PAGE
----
Okay cool, cool, cool. Well don't do the cute stuff quite yet. Let me get that, that was really, really, I know that's true, that is true. Beautiful. Beautiful, beautiful. Gorgeous, relax that left shoulder. Good girl. Good. Now hang out there. Pause for one second. Good. So what's happening in this particular situation is that just from the get-go I can already tell I haven't worked with this couple before, we've just met this morning and I can already tell that the dynamic that they share is very warm, it's cuddly and it confident. So when I'm executing photos for an editorial and romantic style in nature. Working with a couple like this is going to make it easy, but I need to make sure that I stay up to the cadence that they're setting. They walk into those romantic photos, they walk into this editorial photos easier, now I need to slowly pull them back because I need to make sure that it's going to fall into a natural type of flow. I'm going to stick with my and then I'm going to switch to the to kind of get a different type of feel. So naturally this couple falls into that romantic category easily so I'm just gonna peel them back to be a little bit more paced with the way that I shoot. I'm gonna drop to a 2.0. I'm gonna compensate and go to 800th of a second, I'm gonna test my light. I'm gonna go to 640th of a second. Avy can you bring your face, beautiful. And then Zack can you just lightly, yes. Avy you looking down the way that you were, gorgeous, relax that front left shoulder, attagirl and then Zack can you come in and lightly kiss? Or actually sorry, her face, my bad. (awkward laughing) Good. Beautiful. Good. Can I get the 85? So romantic can kind of be... romantic photos can have a voyeuristic appeal so whenever I want to get a photo that doesn't really look like... doesn't convey the fact that there's a photographer in the room, I want to look like it's a candid photo that I just happened to be capturing at the moment of them just being nice and close. I'm gonna shoot with my 85, I'm gonna stand at slight of a distance and I'm going to be shooting the couple individually on each side. So I'm gonna shoot this right now at a 1.2. I really want that distortion in the background. I really love the bokeh that it can produce. 1.2, let me get my settings. Avy you're doing great. You're doing great. Right now my settings are at 1250th of a second, 1.2, 200 ISO. I'm just gonna test the light so you guys can just just relax. Because Avy is giving me these really strong, really confident looks, I'm not getting the softer side of her. So I'm gonna tell her hey, I'm just shooting, but what's really happening is that I say I'm testing the light, but what is really happening is that I'm shooting. See? This is great. So she just looks a lot more relaxed right now. She looks like she's herself and she doesn't look like she's even conscious or aware of the camera, which is perfect. Beautiful. Okay guys, I think I'm ready now to start shooting. I got the light where I want it. So Zack can you put your arms just lightly around a Avy's waist and yes, yes. Now Avy can you relax the bouquet slightly behind, yeah that's it, that's it. And then Zack I'm gonna fix your collar. I'm just gonna bring the jacket. Right there. Great. Beautiful. Now Avy can you look at the ground right in front of, yes. Now relax that shoulder. Attagirl. And then look back up at Zack. Oh look, it's beautiful. Gorgeous. Can you look here, oh that's cute. That was adorable. Can you look here at me Avy? And then Zack bring her in nice and close and then Avy, eyes here. Beautiful. Chin towards me, good. Beautiful, beautiful. You guys can stay there. I'm gonna peel it this way, I'm gonna have to compensate. And get the light right. Yeah I'm gonna keep it, I'm still shooting at 1.2 1250th of a second, 200 ISO. Good. Now Avy can you soften your knees for me? There we go beautiful, beautiful, beautiful. Good and Zack can you look out. JD can you pop over here please? Awesome. Yes, yes, yes. Zack you just doing your thing, this is great. This is great. Beautiful. Now Avy can you come up on your tippy toe, oh you can just look hot like that, that's good. That's really good. And then can you get up on your tippy toes and lightly kiss Zack on the cheek, lightly, there you go. Good, chin down a tiny bit Zack. There you go. Thank you. Perfect so in this particular situation when it comes to shooting editorial and romantic photos I feel like I know longer like this editorial that looks very strong like, two like really strong angular people. What I want editorial is to feel like I'm photographing a bride and groom that looks like it can grace the pages of a magazine without it feeling like it's going to grace the pages of a fashion magazine. There's two different styles of posing and in this particular situation, I think that the editorial simply looked strong yet natural yet a connection between two people. When it comes to romantic photos, they kind of file into that super naturally. They like to be cuddly, they'd like to be kissy, and so I didn't have to kind of hone in too much on that. Now Avy I want your hand... Zack can I... There we go, beautiful. So you're just gonna be creating a cradle with your arms around her. So come in this way. When you do something just nice. Avy open up your legs. All this is doing is lowering your body so that, don't lower in the knees. One thing I want to point out is that I asked Avy to open her legs and then I said because I want to have Zack a tiny bit taller than she is. And then what Avy did is she said oh, okay. So she opened her legs, which is great, but then she also soften her knees, which made her body fall this way. That's never a good look. The only time I'm going to have my clients lower or get shorter or taller is by spreading their legs because it still keeps the upper part of the torso intact and natural. Anytime this happens it's just not a good look. So Avy, now Avy I don't want you falling backwards. Good. You relax either side to side, side hip or side hip, not front or back. The person who I'm going to be moving Avy would be Zack. So you get comfortable and then Zack, tall, bring the shoulders back, exactly. Rad. Now I want you looking down Avy. Beautiful. This beautiful light behind my gorgeous bride, now Zack you come in and you kiss your beautiful wife wherever your lips land, thank you. Thank you. Okay we're gonna move to a new location, but what I was shooting in was like nice safe pretty diffused light. Just before the sun gets too hot and too crazy, I'm gonna put them in this kind of like light patch, but I'm going to shoot Avy and I'm going to look for light around her head, but what's in front of her right now is a natural reflector. If you tuned in a few lessons from now, the thing that you're going to actually see is me talking and dissecting what natural reflectors are, so be sure to tune in to that. We'll get more into that with specificity. The cliff notes version is that a natural reflector is anything in nature that reflects light back onto my subjects so that I can shoot in rather kind of tough light. So now we're getting full sun, but the light in front of my subjects are going to bounce light back into them. We're gonna talk more about that in a future lesson, but for right now, Avy I'm going to take you here and I'm going to position Avy so that I can see... Thank you so much Zack. Now come out come back, go back. Go back, go back, go back, go back, boom. Now I'm looking for specifics within her hair. I kind of want halo lighting, but if I did not have a reflector, a natural reflector in front of my beautiful bride, thank you. If I did not have a natural reflector in front of her, we would have muddled lighting. So now that we have a natural reflector, we can really focus on some beautiful light and the best part of this is that this dirt is a kind of like reddish in color, in tonality. Orange, but it's just dirt. But right now with the sun hitting it, it's going to help me balance the light that's going on. We have a lot of green tones in the background. When it comes to shooting editorial, when it comes to shooting romantic style photos, I need to find a way, I don't want the tree directly behind my beautiful bride. I'm going to shoot this at a 1.2. Avy can I have the bouquet up. Can I have your body... Beautiful. Now I want you to shift your weight from one hip to the other, thank you. Now Avy when you shifted your hip you brought your shoulders back. I want your shoulders... don't bring your shoulders forwards. bring your chest forward like I have a string. I'm pulling your chest towards me. Good. Bring the core in. Any time you're going to relax, it's going to be in your hips and booty. So hips to the side, booty back, and there you go. Beautiful, that was gorgeous. I'm gonna shoot this at a 1.2. I'm gonna shoot this at 160 ISO. I'm going to get a test frame. I'm going to be shooting this at 1250th of a second, 1.2, 160 ISO. Eyes up at here Avy. Chin up a tiny bit. Beautiful, look over at Zack, wherever Zack is. Good, attagirl. Okay, there's a person passing in the background. I'm going to pause for one second. I have a full shot here. Beautiful. Now what I'm doing to incorporate a romantic photo in this gorgeous light, Zack I'm gonna call you over. Look over at Zack Avy. Good. Zack I want you come to into the frame. I want you to be perpendicular to your beautiful wife. You're just simply gonna pick up her dress. You're gonna come in this way. Your chest is going to be in her arm. You're gonna get in nice and close, but it's gonna be this way. Beautiful, so Avy what I want you to do, watch coming back, rest bring out your... Beautiful. Good. Bring your bodies in.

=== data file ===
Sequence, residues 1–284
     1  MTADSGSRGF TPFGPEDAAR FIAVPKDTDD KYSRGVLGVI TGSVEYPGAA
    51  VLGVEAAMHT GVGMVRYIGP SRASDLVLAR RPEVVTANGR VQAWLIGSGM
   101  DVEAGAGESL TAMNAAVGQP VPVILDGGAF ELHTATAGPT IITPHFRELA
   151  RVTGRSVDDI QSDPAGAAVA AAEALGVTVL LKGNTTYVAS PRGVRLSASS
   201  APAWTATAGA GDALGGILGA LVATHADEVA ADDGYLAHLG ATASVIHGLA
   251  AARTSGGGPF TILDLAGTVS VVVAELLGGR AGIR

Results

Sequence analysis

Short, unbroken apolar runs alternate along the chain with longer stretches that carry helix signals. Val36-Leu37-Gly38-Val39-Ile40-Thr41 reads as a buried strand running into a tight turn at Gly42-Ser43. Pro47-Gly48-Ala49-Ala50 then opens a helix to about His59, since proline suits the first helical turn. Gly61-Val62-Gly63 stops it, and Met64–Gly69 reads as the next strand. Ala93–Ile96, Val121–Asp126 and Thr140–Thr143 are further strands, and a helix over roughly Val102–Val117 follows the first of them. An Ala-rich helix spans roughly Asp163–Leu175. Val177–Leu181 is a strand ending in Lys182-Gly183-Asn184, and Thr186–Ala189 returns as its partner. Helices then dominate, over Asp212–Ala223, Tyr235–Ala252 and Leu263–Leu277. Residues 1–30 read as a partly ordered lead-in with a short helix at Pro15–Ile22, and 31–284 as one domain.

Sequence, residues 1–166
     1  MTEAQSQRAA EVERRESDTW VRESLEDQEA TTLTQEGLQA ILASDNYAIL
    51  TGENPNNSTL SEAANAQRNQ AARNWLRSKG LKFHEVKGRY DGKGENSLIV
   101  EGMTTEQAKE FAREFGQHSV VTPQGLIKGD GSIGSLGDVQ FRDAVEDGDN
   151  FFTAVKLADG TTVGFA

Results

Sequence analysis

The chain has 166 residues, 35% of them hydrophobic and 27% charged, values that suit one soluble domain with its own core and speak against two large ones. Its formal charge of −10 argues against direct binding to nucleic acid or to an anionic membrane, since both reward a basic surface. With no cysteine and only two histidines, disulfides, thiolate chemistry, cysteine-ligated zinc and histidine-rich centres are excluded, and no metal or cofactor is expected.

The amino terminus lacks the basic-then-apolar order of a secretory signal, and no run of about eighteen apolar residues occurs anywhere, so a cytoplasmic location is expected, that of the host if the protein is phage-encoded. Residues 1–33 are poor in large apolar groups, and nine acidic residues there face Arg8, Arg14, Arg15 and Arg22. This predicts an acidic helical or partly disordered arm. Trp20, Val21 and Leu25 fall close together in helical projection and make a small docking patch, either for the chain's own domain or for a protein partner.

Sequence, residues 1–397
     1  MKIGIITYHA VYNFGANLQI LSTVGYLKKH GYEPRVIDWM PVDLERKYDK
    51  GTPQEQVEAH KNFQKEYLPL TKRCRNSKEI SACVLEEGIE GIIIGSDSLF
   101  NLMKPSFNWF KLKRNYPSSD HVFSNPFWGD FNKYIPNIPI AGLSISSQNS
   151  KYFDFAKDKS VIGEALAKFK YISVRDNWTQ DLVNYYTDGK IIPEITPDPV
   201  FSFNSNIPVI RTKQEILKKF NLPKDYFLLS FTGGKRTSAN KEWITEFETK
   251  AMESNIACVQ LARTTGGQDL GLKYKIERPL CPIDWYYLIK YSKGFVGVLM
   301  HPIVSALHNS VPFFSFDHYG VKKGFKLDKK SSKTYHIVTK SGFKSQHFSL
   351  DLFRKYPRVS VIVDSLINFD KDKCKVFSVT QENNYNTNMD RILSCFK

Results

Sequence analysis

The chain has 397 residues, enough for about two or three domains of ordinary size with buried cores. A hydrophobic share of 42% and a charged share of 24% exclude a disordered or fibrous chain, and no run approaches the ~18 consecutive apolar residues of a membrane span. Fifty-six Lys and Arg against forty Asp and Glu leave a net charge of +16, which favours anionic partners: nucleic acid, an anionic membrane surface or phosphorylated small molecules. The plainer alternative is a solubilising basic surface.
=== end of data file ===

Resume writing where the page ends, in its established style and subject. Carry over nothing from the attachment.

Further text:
Oh okay, so I'm not walking into the shot.